Imagine having a digital assistant to schedule your next meeting or speaking to a chatbot to help you finalize a challenging task at work. Forward-thinking companies are implementing AI already, with Amazon launching Alexa for Business last year and Google recently trialling its Duplex human-sounding AI. A recent report from Gartner suggests that technology like this will be more commonplace, with one in five workers set to have a machine as their'co-worker' by 2022. For businesses to thrive in the future of work, humans will need to work in tandem with AI. Get this right, and they'll have the tools they need to increase productivity and master a more personalized experience for their employees.

Why we need to rethink the role robots have in society


Despite these dire warnings, we continue to press ahead in robotics and AI research. Because there is a dissonance between the sci-fi debate and the future role of robots in our society. The first generation of truly smart AI devices is likely to be self-driving vehicles, which offer potentially massive social benefits. From a public safety perspective these benefits are clear. In 2016, 1,810 people were killed on Britain's roads and 25,160 were seriously injured.

Samsung To Invest $22 Billion In AI And Other Technologies


Samsung has announced that it plans to invest $22 billion in artificial intelligence and other technologies like 5G over the next three years. As part of the investment, the South Korean tech giant said it will increase the number of researchers it has across its global AI centers in the UK, Canada, Russia, US and South Korea to 1,000. In addition to AI and 5G, the $22 billion will also go towards developing electronic components for future cars and bio-pharmaceuticals. "Samsung expects innovations powered by AI technology will drive the industry's transformation, while the next-generation 5G telecommunications technology will create new opportunities in autonomous driving, the Internet of Things (IoT) and robotics," the company wrote in a press release. The money will come from a larger $161 billion investment plan that includes capital expenditure and research and development. The majority of the money will be spent in South Korea, Samsung said.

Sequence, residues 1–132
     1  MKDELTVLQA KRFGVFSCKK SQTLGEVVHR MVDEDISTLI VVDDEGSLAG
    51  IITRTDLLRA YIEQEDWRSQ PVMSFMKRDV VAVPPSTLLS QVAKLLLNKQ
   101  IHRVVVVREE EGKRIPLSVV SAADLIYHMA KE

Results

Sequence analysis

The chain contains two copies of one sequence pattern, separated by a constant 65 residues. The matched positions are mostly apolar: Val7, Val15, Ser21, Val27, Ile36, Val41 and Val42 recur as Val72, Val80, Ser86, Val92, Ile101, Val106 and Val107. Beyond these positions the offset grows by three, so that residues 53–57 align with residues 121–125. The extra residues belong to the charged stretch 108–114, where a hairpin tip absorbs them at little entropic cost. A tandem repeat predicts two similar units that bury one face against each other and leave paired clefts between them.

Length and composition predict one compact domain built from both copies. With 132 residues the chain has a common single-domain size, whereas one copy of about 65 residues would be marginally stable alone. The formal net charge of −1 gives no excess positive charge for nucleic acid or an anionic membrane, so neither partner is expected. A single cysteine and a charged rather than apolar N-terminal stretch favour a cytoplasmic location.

NASA picks early winners for its ISS robot arm challenge


NASA's bid to crowdsource an arm for its Astrobee cube robot is starting to bear fruit. The agency and have chosen early winners for the Astrobee Challenges Series, each of which has designed a key component for the robotic appendage. South African grad student Nino Wunderlin produced an attachment mechanism, while Filipino conceptual engineer Myrdal Manzano crafted a "smart" attachment system. Indian software engineer Amit Biswas, in turn, developed a simple deployment mechanism. There's still a ways to go when nine of the contests in the challenge have yet to be unlocked.

Humans less likely to turn off robot when it begs to stop, study finds


The robot Nao is featured as part of an experiment studying whether humans would shut off a robot if it pleaded with the participant. Would you unplug a robot if it was begging you to stop? A study from researchers in Germany found humans were more likely to listen to the robot if it objected to being turned off than when it didn't respond. The study featured 85 people who sat opposite the robot, named Nao, and were told the goal of their experiment was to improve its interaction capabilities through a series of tasks. Once all tasks were completed, participants were told they could shut off the robot.